Cracking the Career Center
Rose Kopec | Tuesday, October 23, 2012
What am I going to do after college?
Is there really life after college?
Am I really supposed to know what I want to do for the rest of my life?
These are just a few of the questions that many college students ask themselves throughout their college careers, and while there is not always a definitive answer to every question, we at the Career Center are here to help guide you through some of those tough questions and help you to understand your skills, personality, values, strengths and how they can translate to success upon graduation from Notre Dame.
So before we try to delve into what are you going to do with the rest of your life and if life after college really exist (yes, it does), let’s just focus on the basics.
What is the Career Center and why should I go there? How can you help me?
There is a common misconception that the Career Center is geared towards a specific major or college or year. But whether you know exactly what you want to do after graduation or have no idea what direction to pursue, the Career Center has valuable resources available to help you. It really is about you and what you need when you come visit us at the Career Center. We want students to feel comfortable coming to us with any of their career concerns. In fact, there are no questions that are too silly or unimportant or irrelevant to ask. Sometimes the questions are as easy as “Will you look at my resume?” At other times the questions aren’t quite so black and white and require longer, more in-depth appointments. Sometimes the questions just need to be asked and heard. More times than not, we simply provide some basic guidelines and encouragement. It truly doesn’t matter what you major in or if you are a senior and have never been to the Career Center – if you need help, we hope to be there for you.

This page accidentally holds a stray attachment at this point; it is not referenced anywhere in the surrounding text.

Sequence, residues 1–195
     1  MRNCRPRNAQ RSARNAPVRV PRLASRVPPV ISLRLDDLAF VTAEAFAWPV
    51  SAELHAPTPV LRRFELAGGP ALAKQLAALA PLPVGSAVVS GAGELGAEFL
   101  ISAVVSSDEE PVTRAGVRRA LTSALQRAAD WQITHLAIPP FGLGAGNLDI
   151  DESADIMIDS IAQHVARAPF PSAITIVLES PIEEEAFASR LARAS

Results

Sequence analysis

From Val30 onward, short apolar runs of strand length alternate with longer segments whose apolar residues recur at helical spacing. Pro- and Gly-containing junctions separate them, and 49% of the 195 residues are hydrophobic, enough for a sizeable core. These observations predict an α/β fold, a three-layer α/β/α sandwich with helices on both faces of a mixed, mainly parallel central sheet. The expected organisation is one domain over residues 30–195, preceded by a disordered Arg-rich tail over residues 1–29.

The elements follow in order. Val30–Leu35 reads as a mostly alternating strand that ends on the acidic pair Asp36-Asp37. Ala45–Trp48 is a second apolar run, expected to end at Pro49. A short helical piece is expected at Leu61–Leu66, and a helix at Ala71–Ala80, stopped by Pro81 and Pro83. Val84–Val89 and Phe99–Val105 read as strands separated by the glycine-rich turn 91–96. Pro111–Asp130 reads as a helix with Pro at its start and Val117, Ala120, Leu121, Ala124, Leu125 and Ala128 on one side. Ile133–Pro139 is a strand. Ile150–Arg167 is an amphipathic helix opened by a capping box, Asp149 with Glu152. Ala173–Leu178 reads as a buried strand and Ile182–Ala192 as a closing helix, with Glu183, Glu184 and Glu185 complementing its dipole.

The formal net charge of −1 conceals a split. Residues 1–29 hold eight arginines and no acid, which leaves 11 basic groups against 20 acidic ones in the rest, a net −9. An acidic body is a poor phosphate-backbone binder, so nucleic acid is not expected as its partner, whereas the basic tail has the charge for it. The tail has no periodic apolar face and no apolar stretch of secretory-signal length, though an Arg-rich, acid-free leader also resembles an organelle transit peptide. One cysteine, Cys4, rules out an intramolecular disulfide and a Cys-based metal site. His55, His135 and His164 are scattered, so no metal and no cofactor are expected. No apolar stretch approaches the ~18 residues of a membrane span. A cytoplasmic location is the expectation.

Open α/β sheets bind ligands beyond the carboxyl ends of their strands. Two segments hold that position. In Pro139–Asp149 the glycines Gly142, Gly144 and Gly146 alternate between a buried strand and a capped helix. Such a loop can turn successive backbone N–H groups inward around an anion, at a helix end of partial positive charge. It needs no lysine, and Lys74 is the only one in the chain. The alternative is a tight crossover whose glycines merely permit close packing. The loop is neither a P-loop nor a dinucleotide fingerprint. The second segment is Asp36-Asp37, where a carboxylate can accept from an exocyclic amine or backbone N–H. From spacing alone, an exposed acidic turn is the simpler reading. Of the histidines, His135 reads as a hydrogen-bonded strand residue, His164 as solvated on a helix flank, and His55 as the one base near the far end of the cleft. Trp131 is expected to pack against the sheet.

Where is the Career Center?
That’s an easy one – we are located on the first and second floor of Flanner Hall – although you will find us all over campus at different times of the year. For example this week we are hosting our annual Arts and Letters Career Opportunities Week in collaboration with the College of Arts and Letters. Tonight we will be in the Monogram Room at the Joyce Center hosting over 16 employers who are interested in talking to Arts and Letters students about opportunities within their organizations.
Tomorrow night we are back in 114 Flanner Hall with an Investment Management Night in which six firms will discuss the roles of an analyst and trends in investment management.
How can you get involved with the Career Center?
First, you can make an appointment to meet with a counselor. Just call (574) 631-5200, and student workers trained to ask all of the right questions will place you with the right counselor.
Second, if you’re more of the impulsive type or need a simple resume review, just walk right into the center on the second floor of Flanner the next afternoon you’re on the northeast side of campus. We hold walk-in appointments every Monday through Friday from 1 p.m. to 4:45 p.m.
Third, create an account on Go IRISH. Not only does it provide you access to hundreds of on-campus interviews but it also posts several job, internship, volunteer and fellowship opportunities.
Fourth, read those weekly emails! They contain information about upcoming career workshops, information sessions with employers coming to campus and approaching job and internship deadlines.
Finally, find the Career Center on social media. This is another way to stay in the loop with upcoming events and even find some little-known job-seeking tips in your Facebook newsfeed or Twitter feed.
Final notes on the”tough” questions.
This time in your life is about exploring. Some might know what they want between the ages of 18 and 22, but most don’t. Even that first job or service experience or walk into your first class at graduate school is just the beginning of many career decisions you will be making in your life. Rarely is this ever final, and you always learn from each and every experience – both the positive and not-so-positive experiences.
Yet, you have to take that first step, that first proverbial leap. And it will be okay!
Please come in and meet with us to discuss those beginning questions.
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The views expressed in this column are those of the author and not necessarily those of The Observer.